If you read the November 15, 1992 edition of the New York Times, you might have read a "Styles of the Times" article about the then emerging grunge trend. You might also have read this sidebar about the hip new slang that the kids were using:

Lexicon of Grunge: Breaking the Code

All subcultures speak in code; grunge is no exception. Megan Jasper, a 25-year old sales representative at Caroline Records in Seattle, provided this lexicon of grunge-speak, coming soon to a high school or mall near you:

WACK SLACKS: Old ripped jeans

FUZZ: Heavy wool sweaters

PLATS: Platform shoes

KICKERS: Heavy boots

SWINGIN’ ON THE FLIPPITY-FLOP: Hanging out

BOUND-AND-HAGGED: Staying home on a Friday or Saturday night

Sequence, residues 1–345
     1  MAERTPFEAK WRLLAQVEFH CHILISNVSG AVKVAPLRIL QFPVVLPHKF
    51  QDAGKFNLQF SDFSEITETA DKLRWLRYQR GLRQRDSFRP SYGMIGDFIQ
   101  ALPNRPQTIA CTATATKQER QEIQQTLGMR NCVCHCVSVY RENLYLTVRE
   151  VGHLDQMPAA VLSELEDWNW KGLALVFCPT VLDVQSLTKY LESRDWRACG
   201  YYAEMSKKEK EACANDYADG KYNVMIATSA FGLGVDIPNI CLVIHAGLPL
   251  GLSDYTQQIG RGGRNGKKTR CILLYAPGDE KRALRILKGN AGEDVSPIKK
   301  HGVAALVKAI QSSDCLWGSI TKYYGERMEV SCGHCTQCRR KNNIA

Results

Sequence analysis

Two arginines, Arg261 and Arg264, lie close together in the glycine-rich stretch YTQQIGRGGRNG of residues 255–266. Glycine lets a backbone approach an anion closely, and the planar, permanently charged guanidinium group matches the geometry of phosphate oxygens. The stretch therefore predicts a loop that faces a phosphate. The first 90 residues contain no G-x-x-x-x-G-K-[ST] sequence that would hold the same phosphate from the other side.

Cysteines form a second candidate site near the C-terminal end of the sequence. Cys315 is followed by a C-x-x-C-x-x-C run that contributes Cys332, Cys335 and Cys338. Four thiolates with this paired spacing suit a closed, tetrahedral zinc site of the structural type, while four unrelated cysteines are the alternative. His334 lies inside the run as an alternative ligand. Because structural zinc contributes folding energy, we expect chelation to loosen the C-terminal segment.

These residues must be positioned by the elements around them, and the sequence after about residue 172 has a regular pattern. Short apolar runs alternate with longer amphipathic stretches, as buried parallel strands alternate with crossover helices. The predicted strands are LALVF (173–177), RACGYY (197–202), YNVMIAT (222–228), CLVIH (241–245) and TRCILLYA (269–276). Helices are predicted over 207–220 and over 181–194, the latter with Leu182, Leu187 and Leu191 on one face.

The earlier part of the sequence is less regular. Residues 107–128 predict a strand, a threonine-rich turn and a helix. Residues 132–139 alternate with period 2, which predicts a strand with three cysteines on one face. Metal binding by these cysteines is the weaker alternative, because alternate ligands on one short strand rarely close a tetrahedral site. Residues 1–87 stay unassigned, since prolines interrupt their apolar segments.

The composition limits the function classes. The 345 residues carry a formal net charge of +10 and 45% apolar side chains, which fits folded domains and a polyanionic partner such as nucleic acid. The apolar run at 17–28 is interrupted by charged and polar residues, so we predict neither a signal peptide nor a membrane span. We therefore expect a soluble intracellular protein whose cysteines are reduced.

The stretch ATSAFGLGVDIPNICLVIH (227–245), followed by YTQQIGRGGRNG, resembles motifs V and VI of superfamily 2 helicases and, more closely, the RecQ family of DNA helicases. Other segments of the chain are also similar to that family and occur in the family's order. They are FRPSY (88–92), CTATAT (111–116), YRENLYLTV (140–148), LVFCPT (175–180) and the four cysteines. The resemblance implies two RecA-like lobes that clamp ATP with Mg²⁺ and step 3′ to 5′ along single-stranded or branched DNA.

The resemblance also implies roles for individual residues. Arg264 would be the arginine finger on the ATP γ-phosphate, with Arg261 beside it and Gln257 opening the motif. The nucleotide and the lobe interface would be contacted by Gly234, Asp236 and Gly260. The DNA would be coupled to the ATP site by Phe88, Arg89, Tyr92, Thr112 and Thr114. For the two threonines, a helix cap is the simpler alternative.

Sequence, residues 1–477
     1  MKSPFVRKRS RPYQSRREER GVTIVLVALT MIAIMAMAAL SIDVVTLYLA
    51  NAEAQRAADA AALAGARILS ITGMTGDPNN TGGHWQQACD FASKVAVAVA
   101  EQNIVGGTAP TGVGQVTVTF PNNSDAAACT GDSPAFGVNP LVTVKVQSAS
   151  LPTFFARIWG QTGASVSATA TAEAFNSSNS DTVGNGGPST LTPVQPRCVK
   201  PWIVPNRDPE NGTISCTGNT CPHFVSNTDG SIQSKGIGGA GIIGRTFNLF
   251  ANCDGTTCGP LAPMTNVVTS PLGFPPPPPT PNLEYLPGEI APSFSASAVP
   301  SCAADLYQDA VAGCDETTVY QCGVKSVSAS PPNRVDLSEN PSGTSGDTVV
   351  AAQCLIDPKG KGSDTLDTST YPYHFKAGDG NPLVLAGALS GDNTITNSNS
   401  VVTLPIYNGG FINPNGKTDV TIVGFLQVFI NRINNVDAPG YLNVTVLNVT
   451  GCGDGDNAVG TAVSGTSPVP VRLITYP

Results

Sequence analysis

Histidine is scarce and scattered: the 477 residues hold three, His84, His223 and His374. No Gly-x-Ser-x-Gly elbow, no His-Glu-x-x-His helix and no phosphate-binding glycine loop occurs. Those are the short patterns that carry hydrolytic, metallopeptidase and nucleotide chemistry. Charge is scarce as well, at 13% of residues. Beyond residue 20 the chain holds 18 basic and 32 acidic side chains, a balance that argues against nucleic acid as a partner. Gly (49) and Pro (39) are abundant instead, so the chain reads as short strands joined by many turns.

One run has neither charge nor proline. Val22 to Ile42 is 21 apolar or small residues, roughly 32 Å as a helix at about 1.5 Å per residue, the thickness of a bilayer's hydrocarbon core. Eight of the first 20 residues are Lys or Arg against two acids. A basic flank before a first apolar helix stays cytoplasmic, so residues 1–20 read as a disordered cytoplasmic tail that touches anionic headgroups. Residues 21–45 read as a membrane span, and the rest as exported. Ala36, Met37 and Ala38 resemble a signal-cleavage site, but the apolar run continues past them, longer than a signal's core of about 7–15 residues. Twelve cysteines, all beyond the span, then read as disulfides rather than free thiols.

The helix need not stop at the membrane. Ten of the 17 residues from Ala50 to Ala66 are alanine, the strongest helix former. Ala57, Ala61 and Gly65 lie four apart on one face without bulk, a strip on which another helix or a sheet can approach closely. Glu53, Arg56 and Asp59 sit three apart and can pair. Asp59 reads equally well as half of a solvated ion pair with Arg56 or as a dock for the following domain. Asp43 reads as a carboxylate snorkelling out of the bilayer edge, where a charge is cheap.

SCORE: Great

HARSH REALM: Bummer

COB NOBBLER: Loser

DISH: Desirable guy

BLOATED, BIG BAG OF BLOATATION: Drunk

LAMESTAIN: Uncool person

TOM-TOM CLUB: Uncool outsiders

ROCK ON: A happy goodbye

As you’ve probably guessed by now, this is all fake. Jasper was real, and she worked for Sub Pop, but she was the perpetrator of a hoax on the Times and a British magazine, Sky. Tired of all the inquiring phone calls about grunge, she cooked up the fake slang and the journalists just ate it up. And they deserved it, not for being unhip, but for being lazy and not bothering to check their facts, content to take whatever the person answering the phones said as gospel. Suckers.

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